Use of Carbon Nanotubes in Third-Generation Solar Cells

T. Grace*, C. Shearer, D. Tune, L. Yu, M. Batmunkh, M. J. Biggs, Z. A. ALOthman, J. G. Shapter

*Corresponding author for this work

Research output: Chapter in Book/Report/Conference proceedingChapter

6 Citations (Scopus)


There is a clear need to make energy production cheap, readily accessible, and deployable in a vast array of locations and circumstances, while ensuring its production does not enhance the greenhouse effect on climate. Of all the options available, photovoltaics offers the highest probability of delivering a meaningful and sustainable change in the way society produces its energy. Third-generation approaches to photovoltaics offer real opportunities to deliver energy to broad sections of society, which will ultimately provide energy security. This technology offers the advantages of cheap production, flexibility (and hence a range of deployment opportunities), and tunability of light absorption. Significant efforts to improve these photovoltaic systems have involved the use of carbon nanotubes. This chapter will primarily focus on those efforts. Carbon nanotubes have been used in virtually every component of the devices to help charge conduction, improve electrode flexibility, and in some cases act as active light absorbing materials.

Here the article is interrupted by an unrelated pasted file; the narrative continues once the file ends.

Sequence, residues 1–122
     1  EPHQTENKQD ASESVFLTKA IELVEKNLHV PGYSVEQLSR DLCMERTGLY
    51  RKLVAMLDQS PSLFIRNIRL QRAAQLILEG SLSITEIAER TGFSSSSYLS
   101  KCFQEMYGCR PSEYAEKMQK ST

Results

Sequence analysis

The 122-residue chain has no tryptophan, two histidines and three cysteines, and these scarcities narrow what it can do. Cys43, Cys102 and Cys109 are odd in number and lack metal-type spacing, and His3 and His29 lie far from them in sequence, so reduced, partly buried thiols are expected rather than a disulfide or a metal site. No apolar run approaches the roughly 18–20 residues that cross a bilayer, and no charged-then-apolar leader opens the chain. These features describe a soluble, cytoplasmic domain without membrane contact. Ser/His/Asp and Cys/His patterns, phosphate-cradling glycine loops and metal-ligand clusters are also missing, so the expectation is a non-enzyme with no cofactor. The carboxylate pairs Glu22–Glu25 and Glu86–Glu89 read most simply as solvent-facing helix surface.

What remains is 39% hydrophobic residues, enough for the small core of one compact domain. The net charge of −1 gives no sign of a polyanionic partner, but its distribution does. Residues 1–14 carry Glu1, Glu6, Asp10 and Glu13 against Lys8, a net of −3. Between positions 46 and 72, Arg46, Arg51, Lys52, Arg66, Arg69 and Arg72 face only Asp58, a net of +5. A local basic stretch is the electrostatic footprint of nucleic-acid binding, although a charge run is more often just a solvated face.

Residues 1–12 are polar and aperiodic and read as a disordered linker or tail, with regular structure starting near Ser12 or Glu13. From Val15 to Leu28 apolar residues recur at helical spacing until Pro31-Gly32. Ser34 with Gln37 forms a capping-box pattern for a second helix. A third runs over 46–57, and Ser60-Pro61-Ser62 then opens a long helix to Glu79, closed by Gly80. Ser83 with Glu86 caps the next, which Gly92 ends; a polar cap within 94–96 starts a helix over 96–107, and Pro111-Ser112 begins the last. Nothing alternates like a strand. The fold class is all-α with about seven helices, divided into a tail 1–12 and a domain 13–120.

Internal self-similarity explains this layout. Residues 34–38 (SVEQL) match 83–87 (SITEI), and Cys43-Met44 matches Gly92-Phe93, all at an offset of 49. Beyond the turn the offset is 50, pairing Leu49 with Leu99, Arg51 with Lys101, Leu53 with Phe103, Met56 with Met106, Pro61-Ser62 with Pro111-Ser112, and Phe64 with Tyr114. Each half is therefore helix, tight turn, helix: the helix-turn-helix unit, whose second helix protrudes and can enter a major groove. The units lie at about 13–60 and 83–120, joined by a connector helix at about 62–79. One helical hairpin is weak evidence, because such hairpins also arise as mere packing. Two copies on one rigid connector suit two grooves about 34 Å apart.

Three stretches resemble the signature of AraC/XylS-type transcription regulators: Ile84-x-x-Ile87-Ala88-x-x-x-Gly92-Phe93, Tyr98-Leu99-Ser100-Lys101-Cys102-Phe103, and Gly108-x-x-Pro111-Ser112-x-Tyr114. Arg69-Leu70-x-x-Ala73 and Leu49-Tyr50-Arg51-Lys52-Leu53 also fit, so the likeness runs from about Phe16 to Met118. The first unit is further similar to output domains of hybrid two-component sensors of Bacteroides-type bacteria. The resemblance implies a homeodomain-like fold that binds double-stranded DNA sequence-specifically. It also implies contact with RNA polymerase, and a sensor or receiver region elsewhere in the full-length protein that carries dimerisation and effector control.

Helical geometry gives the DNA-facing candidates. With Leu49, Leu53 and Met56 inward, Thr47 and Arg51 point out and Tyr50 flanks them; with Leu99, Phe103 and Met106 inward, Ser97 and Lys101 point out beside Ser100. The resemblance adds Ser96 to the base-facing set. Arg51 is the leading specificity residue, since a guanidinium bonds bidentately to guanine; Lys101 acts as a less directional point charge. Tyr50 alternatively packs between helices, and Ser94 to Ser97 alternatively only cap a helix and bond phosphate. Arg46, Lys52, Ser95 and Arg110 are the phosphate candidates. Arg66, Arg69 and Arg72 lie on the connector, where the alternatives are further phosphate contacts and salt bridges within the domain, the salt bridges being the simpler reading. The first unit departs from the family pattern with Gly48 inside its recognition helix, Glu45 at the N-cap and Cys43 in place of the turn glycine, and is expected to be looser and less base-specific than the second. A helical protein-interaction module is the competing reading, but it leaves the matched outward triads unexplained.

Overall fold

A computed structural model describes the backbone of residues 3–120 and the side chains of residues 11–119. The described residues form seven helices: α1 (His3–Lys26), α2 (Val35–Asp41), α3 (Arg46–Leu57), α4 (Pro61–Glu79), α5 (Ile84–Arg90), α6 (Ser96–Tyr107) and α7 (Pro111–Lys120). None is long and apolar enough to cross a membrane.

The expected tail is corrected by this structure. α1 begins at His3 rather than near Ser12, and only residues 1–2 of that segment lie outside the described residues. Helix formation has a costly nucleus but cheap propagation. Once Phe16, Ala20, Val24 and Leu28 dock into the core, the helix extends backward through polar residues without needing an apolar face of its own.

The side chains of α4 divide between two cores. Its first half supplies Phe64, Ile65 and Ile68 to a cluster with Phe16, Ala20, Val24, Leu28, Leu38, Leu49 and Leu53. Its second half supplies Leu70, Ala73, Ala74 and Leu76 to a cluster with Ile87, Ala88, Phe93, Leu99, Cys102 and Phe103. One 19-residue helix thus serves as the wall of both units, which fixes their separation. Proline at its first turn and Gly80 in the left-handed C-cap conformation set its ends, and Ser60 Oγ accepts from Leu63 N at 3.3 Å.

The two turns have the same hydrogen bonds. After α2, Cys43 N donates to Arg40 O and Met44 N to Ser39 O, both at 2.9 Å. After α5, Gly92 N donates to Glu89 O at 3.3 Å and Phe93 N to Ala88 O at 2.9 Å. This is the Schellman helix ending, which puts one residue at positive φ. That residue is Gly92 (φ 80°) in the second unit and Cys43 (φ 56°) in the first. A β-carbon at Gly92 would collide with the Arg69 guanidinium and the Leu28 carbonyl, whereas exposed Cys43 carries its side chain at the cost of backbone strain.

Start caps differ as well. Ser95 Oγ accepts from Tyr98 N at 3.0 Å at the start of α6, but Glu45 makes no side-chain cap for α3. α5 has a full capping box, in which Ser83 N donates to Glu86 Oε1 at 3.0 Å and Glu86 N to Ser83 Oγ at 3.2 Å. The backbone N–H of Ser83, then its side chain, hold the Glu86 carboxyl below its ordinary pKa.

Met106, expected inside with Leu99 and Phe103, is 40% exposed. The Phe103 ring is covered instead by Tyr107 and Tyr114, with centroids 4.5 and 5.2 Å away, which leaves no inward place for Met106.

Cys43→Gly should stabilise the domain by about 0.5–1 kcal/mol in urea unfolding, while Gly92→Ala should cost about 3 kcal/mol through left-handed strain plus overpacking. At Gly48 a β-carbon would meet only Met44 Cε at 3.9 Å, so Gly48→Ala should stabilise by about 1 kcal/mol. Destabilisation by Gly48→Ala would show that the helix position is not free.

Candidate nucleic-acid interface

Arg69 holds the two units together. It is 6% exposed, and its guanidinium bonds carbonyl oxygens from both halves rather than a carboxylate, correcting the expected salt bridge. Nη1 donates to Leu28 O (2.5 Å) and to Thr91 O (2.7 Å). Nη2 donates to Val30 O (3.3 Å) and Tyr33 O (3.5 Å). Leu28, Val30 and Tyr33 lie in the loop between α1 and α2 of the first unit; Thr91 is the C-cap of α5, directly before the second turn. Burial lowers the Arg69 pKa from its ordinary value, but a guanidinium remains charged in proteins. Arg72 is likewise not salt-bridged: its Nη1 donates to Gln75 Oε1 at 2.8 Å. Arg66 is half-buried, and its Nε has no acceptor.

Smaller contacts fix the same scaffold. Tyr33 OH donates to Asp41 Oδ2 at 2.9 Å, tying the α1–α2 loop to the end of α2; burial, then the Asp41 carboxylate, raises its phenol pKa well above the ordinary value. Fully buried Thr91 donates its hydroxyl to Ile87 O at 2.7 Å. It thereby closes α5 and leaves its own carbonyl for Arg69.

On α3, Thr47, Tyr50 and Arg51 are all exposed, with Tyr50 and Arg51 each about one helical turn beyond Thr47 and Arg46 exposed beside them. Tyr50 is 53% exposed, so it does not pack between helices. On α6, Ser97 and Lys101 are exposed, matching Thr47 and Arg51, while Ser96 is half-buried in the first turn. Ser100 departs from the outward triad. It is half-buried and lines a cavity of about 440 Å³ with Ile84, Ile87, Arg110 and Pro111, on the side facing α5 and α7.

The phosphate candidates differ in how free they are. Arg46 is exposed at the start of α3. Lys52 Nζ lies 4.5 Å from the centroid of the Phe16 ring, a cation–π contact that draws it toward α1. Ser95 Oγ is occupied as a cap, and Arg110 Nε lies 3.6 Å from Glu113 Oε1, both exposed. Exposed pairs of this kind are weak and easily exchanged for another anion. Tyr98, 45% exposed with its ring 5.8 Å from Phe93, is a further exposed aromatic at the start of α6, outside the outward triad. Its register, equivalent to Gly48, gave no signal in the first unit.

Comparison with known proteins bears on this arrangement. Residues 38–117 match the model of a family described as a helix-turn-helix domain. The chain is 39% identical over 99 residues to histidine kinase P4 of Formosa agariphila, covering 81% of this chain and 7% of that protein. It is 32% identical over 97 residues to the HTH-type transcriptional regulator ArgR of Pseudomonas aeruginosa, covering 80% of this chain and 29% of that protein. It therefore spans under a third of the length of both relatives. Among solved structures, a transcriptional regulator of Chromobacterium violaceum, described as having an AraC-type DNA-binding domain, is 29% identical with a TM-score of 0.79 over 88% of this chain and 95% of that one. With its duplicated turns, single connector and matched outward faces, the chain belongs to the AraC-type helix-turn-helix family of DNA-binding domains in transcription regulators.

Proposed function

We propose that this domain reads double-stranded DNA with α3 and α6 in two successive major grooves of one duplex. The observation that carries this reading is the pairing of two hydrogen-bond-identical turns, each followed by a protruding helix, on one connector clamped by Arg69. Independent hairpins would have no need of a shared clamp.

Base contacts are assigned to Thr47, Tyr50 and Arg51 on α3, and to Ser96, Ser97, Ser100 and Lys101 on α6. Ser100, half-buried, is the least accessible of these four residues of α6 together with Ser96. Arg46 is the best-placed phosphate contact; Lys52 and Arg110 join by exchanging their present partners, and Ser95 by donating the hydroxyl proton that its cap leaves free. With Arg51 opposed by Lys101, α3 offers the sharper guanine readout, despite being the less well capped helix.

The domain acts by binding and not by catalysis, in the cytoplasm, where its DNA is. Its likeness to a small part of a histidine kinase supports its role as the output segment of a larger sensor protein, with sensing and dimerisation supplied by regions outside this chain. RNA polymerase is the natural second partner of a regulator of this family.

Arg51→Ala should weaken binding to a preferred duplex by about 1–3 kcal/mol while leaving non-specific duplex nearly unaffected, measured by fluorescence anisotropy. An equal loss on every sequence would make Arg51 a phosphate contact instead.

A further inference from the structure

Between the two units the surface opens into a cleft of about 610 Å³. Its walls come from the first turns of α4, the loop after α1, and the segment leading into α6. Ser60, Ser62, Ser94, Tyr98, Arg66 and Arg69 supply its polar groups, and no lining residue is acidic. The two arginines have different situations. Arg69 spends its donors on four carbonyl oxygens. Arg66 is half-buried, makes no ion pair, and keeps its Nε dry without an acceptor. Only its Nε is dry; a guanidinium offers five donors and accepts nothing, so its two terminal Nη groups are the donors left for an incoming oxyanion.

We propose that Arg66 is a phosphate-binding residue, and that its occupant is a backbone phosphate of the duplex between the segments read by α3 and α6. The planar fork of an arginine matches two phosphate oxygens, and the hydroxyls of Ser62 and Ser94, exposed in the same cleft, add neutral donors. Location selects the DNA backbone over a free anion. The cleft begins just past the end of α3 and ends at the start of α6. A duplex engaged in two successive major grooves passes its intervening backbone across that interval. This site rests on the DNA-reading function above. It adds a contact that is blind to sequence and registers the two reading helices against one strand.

Original languageEnglish
Title of host publicationIndustrial Applications of Carbon Nanotubes
Number of pages49
ISBN (Electronic)9780323415316
ISBN (Print)9780323414814
Publication statusPublished - 2017


  • Carbon nanotubes
  • CNT/Si photovoltaics
  • CNTs
  • DSSCs
  • Dye-sensitized solar cells
  • Nanotube/silicon heterojunctions
  • NSH solar cells
  • OPVs
  • Photovoltaic devices

ASJC Scopus subject areas

  • General Engineering
  • General Materials Science


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